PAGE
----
1. This talk presents results from the authors’ recent work on evaluating the role of turbulence and boundary-layer parameterizations on hurricane intensification. We show that observation-based modification of these physical parameterizations significantly improved the HWRF intensity forecast. Turbulent mixing in both the vertical and horizontal directions are found to be crucial for hurricane spin-up dynamics in 3D numerical simulations and HWRF forecasts. Vertical turbulent mixing regulates the inflow strength and the location of boundary-layer convergence that in turns regulates the distribution of deep convection and the intensification of the whole hurricane vortex. Convergence of angular momentum in the boundary layer that is a key component of the hurricane spin-up theory is also found to be regulated by vertical turbulent mixing in connection to the boundary layer inflow. Horizontal turbulent mixing, on the other hand, mainly influences the eddy momentum flux inside the radius of the maximum wind speed in the angular momentum budget. The effect of horizontal turbulent mixing on the convergence of angular momentum is on smoothing the radial gradient of the angular momentum when the horizontal mixing length is large. In a sheared storm, both the vertical and horizontal turbulent mixing affect vortex and shear interaction in terms of the evolution of vortex tilt and boundary-layer recovery processes.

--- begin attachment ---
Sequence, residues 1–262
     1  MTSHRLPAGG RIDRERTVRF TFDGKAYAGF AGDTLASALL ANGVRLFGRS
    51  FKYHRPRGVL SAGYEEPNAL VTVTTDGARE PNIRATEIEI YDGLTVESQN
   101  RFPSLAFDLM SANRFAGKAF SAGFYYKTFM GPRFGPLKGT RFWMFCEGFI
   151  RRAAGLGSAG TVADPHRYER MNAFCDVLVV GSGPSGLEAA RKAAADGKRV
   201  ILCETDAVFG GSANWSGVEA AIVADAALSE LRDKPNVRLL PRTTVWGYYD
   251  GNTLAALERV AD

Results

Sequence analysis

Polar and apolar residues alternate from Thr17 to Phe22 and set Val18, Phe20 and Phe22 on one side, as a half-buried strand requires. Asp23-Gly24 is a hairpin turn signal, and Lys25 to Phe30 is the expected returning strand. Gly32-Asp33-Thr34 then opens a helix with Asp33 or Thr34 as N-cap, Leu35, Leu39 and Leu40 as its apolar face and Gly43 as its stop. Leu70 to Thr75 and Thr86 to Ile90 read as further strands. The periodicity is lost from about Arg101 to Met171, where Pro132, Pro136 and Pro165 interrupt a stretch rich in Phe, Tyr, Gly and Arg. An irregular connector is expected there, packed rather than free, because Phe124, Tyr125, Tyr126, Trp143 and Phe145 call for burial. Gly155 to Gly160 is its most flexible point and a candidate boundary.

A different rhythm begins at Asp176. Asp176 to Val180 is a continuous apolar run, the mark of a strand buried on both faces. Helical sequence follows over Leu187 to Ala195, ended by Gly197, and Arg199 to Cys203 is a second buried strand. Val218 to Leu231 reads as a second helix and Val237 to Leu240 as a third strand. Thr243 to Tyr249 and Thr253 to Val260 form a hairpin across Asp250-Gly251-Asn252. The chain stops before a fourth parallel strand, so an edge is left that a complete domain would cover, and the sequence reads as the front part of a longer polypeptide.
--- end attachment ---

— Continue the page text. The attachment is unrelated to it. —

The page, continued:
more » « less
  2. Abstract

    Ten years of airborne Doppler radar observations are used to study convective updrafts' kinematic and reflectivity structures in tropical cyclone (TC) rainbands. An automated algorithm is developed to identify the strongest rainband updrafts across 12 hurricane‐strength TCs. The selected updrafts are then collectively analyzed by their frequency, radius, azimuthal location (relative to the 200–850 hPa environmental wind shear), structural characteristics, and secondary circulation (radial/vertical) flow pattern. Rainband updrafts become deeper and stronger with increasing radius. A wavenumber‐1 asymmetry arises, showing that in the downshear (upshear) quadrants of the TC, updrafts are more (less) frequent and deeper (shallower). In the downshear quadrants, updrafts primarily have in‐up‐out or in‐up‐in secondary circulation patterns. The in‐up‐out circulation is the most frequent pattern and has the deepest updraft and reflectivity tower. Upshear, the updrafts generally have out‐up‐in or in‐up‐in patterns. The radial flow of the updraft circulations largely follows the vortex‐scale radial flow shear‐induced asymmetry, being increased low‐level inflow (outflow) and midlevel outflow (inflow) in the downshear (upshear) quadrants. It is hypothesized that the convective‐scale circulations are significantly influenced by the vortex‐scale radial flow at the updraft base and top altitudes. Other processes of the convective life cycle, such as bottom‐up decay of aging convective updrafts due to increased low‐level downdrafts, can influence the base altitude and, thus, the base radial flow of the updraft circulation. The findings presented in this study support previous literature regarding convective‐scale patterns of organized rainband convection in a mature, sheared TC.